- 10 Alibaba investors may have seen their combined stakes fall in value by $1.4 billion this quarter.
- Ray Dalio, Al Gore, and Charlie Munger potentially took a hit from Alibaba’s plunging stock price.
- Ken Fisher, Jeremy Grantham, Bill Miller, and Steve Cohen were also shareholders as of June 30.
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Alibaba’s US-listed shares have plunged by more than 25% to a record low since the end of June, as investors continue to dump Chinese stocks in response to mounting regulatory threats. A group of 10 top stock-pickers – including Ray Dalio, Cathie Wood, and Warren Buffett’s right-hand man, Charlie Munger – potentially saw $1.4 billion wiped off the combined value of their Alibaba holdings as a result.
Fisher Asset Management, run by billionaire investor Ken Fisher, held over 14 million Alibaba shares worth $3.2 billion at the end of June. The e-commerce group’s tumbling stock price has erased nearly $860 million of the position’s value over the past seven weeks, assuming Fisher hasn’t bought or sold any shares.
Similarly, Generation Investment Management – founded and chaired by Al Gore, the former US vice president – owned 3.9 million Alibaba shares worth almost $890 million on June 30. The Chinese tech selloff has slashed the value of that position on paper by $238 million since then.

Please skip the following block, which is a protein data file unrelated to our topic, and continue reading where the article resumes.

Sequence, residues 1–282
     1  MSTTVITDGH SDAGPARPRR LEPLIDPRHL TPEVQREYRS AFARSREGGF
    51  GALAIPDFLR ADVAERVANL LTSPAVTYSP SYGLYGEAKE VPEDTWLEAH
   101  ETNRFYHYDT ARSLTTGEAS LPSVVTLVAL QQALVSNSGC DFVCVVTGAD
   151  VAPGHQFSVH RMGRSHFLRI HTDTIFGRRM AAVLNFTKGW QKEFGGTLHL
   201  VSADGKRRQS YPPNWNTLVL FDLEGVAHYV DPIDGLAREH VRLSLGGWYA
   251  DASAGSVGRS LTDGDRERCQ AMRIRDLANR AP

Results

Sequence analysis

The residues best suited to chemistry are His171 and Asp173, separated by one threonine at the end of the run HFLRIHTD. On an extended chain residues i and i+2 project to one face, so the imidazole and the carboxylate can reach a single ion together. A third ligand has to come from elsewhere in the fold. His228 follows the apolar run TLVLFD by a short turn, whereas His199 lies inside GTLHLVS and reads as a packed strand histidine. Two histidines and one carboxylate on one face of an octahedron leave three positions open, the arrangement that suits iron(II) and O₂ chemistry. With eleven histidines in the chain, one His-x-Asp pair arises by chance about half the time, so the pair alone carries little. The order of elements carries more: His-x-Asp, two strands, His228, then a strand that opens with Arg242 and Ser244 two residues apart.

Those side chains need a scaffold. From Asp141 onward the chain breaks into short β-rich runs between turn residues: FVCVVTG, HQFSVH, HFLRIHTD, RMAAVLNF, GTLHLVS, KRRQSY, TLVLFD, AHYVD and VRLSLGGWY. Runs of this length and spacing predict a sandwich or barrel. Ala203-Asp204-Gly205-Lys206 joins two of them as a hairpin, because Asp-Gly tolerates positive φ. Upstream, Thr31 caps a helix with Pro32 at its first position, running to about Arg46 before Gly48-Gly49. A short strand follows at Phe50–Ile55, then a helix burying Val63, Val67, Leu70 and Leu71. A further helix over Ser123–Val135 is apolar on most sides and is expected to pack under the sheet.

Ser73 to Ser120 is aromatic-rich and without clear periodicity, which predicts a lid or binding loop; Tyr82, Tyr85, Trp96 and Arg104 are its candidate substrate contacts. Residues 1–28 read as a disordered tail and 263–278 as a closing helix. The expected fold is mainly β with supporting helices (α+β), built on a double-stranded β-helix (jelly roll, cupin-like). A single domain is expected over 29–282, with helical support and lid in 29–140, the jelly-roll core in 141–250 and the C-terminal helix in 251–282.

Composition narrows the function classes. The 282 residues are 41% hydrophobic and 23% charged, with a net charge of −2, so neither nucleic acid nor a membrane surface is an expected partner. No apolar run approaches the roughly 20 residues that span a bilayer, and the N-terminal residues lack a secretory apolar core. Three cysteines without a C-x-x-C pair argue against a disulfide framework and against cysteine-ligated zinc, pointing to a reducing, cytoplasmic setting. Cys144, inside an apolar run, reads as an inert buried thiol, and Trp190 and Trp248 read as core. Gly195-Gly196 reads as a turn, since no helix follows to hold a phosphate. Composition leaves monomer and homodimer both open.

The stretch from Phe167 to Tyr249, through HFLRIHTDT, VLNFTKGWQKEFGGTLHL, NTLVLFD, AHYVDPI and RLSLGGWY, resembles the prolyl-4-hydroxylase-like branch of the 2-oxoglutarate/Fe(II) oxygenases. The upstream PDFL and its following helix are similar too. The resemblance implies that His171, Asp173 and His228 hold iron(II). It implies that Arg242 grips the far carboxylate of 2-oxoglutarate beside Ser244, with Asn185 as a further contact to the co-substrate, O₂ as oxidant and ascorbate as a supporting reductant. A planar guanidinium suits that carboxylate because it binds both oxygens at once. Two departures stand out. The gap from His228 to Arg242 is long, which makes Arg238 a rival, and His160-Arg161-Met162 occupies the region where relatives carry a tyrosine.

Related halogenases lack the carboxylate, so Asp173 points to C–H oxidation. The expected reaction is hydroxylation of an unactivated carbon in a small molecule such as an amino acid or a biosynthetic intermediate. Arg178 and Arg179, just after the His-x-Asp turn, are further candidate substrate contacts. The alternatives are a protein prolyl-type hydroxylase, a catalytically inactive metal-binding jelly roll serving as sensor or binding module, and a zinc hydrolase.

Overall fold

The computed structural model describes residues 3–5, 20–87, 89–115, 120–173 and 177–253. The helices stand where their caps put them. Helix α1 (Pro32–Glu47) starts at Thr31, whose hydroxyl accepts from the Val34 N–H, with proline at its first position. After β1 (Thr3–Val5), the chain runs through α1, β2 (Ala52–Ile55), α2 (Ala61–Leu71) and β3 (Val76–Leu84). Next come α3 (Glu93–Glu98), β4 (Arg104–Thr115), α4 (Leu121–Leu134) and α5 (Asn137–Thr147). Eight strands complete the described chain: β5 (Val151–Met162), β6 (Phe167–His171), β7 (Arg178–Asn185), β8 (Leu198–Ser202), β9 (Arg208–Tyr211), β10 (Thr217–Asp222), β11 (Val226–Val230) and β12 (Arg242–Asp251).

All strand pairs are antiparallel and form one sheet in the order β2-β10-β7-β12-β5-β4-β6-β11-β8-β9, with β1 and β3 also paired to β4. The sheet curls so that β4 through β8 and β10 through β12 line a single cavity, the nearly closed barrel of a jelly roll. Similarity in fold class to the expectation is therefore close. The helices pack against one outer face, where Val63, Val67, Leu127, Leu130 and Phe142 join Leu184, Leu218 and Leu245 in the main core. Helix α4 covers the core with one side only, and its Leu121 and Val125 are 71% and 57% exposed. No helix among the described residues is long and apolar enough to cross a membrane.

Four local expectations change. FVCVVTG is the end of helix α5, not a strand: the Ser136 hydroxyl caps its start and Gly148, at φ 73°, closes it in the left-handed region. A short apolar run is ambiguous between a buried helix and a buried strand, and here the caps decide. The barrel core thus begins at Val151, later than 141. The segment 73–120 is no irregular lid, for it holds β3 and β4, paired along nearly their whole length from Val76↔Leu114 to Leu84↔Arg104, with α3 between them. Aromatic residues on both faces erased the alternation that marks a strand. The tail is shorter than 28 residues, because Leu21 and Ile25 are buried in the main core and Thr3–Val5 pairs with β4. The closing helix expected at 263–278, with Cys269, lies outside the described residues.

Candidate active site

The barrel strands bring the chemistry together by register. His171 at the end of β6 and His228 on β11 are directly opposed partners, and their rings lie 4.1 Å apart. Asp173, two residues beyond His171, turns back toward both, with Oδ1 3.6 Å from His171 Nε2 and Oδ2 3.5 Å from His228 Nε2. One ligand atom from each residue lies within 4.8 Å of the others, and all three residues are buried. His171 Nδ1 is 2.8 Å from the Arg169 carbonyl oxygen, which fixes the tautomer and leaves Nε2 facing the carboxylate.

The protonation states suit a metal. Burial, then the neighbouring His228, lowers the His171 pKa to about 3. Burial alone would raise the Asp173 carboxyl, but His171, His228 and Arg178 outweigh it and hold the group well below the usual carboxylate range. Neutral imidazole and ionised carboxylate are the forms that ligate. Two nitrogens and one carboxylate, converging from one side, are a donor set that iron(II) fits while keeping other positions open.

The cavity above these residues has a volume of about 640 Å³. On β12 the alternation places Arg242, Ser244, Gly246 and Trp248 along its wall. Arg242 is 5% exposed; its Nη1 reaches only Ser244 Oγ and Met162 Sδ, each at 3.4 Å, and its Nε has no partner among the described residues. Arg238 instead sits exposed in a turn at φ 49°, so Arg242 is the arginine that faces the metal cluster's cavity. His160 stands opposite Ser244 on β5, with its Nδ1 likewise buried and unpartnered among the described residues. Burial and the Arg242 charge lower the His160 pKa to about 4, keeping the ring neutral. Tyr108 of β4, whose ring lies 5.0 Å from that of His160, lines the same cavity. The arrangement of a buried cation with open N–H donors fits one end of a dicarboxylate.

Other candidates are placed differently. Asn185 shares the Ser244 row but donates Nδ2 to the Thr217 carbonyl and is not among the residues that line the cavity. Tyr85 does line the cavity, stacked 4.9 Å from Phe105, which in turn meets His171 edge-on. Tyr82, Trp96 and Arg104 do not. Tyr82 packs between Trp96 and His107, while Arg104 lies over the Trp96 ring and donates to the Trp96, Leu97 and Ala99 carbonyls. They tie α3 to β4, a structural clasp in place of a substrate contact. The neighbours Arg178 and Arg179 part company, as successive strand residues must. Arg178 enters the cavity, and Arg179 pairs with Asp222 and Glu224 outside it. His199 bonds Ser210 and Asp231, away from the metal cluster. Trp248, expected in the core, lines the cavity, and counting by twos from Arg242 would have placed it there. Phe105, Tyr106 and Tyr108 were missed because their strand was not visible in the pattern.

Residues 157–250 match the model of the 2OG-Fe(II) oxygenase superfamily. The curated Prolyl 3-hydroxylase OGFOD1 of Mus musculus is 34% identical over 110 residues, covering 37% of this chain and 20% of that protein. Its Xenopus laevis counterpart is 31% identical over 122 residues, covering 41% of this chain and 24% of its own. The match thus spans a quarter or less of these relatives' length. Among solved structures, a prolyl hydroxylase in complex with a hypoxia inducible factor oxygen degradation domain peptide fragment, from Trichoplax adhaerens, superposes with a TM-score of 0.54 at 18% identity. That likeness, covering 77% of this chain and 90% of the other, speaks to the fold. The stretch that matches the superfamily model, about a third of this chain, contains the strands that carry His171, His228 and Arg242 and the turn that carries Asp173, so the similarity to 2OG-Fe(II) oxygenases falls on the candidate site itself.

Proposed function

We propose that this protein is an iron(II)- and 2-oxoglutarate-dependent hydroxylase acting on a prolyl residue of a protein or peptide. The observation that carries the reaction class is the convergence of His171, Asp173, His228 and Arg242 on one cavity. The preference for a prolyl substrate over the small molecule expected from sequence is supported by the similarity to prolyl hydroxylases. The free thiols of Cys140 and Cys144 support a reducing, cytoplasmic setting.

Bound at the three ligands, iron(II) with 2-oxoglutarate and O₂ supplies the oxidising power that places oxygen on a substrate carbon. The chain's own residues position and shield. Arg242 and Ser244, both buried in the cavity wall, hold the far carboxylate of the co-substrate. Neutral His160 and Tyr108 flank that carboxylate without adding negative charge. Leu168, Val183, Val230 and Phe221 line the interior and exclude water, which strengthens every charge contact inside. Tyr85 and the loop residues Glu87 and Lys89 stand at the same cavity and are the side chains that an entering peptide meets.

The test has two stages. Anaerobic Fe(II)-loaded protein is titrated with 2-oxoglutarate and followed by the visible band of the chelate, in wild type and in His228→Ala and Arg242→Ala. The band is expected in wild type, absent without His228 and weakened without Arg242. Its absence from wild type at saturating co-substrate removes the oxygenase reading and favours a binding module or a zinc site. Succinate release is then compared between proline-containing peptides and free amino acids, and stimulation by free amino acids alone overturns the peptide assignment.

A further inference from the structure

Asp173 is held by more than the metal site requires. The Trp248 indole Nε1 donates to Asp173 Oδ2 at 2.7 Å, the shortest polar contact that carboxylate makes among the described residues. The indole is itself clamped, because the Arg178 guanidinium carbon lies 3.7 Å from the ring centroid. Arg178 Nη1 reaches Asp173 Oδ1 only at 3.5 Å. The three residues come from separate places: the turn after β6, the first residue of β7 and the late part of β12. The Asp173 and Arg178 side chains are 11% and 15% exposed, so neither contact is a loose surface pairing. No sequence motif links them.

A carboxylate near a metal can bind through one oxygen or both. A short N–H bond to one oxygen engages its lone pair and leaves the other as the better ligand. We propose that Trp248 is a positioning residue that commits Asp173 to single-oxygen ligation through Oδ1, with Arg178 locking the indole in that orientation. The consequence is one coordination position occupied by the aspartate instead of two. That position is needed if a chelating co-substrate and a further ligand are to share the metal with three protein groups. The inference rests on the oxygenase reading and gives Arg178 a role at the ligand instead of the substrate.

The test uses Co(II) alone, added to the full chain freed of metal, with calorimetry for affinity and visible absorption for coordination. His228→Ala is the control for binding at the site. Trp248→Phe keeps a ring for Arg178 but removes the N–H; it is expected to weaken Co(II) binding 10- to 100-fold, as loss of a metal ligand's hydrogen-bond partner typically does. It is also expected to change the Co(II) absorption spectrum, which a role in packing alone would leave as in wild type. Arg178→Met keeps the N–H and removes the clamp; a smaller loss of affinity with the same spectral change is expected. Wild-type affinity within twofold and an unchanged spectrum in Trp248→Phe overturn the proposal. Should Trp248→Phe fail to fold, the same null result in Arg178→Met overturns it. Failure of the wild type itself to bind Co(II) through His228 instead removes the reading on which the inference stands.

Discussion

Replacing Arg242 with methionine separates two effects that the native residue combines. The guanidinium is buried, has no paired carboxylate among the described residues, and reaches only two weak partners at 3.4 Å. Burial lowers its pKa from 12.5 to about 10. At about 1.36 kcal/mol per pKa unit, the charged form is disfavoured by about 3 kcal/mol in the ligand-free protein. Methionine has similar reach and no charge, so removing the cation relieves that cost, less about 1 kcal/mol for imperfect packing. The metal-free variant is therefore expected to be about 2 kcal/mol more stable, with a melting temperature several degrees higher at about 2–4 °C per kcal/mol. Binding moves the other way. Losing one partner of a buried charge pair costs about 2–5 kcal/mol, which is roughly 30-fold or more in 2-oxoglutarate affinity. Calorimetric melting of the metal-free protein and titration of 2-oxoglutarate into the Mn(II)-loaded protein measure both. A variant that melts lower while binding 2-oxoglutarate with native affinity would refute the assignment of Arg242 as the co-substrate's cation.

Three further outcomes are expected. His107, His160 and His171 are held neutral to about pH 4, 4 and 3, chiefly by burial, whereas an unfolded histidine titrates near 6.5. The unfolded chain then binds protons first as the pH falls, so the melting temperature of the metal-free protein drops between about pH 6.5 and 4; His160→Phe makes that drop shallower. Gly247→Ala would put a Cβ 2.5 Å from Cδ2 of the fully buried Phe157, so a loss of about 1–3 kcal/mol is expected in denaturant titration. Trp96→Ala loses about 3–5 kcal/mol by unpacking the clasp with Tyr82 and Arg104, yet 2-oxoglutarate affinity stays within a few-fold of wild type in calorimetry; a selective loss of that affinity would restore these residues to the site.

Dalio’s Bridgewater Associates has taken a $86 million hit on Alibaba, Jeremy Grantham’s GMO has suffered a $62 million blow, and David Tepper’s Appaloosa Management and Bill Miller’s Miller Value Partners have each seen the value of their positions fall by about $35 million, assuming none of them have cut bait in recent weeks.
Wood’s Ark Investment Management, which held about 463,000 Alibaba shares at the end of June, would have seen its position drop in value by $28 million this quarter. However, it sold over 150,000 shares on Monday alone, cutting its losses.
Meanwhile, Steve Cohen’s Point72 Asset Management may have registered a $27 million hit to its Alibaba stake this quarter, and its calls on another 150,000 shares could be worth markedly less today. Daily Journal – which counts Munger as its chairman and investment manager – only bought into Alibaba in the first quarter of this year, but could be down $10 million on that bet today.
Finally, Leon Cooperman’s family office boosted its Alibaba stake from 85,000 shares to 100,000 shares last quarter, meaning its investment may have slumped by $6 million in value this quarter.
Of course, Alibaba’s stock price could rally and most of these investors’ positions would bounce back, assuming they haven’t followed Wood’s lead and sold some shares. But for now, the $1.4 billion blow to their portfolios underscores how much money they’ve plowed into the Chinese tech giant, and the risks that come along with that bet.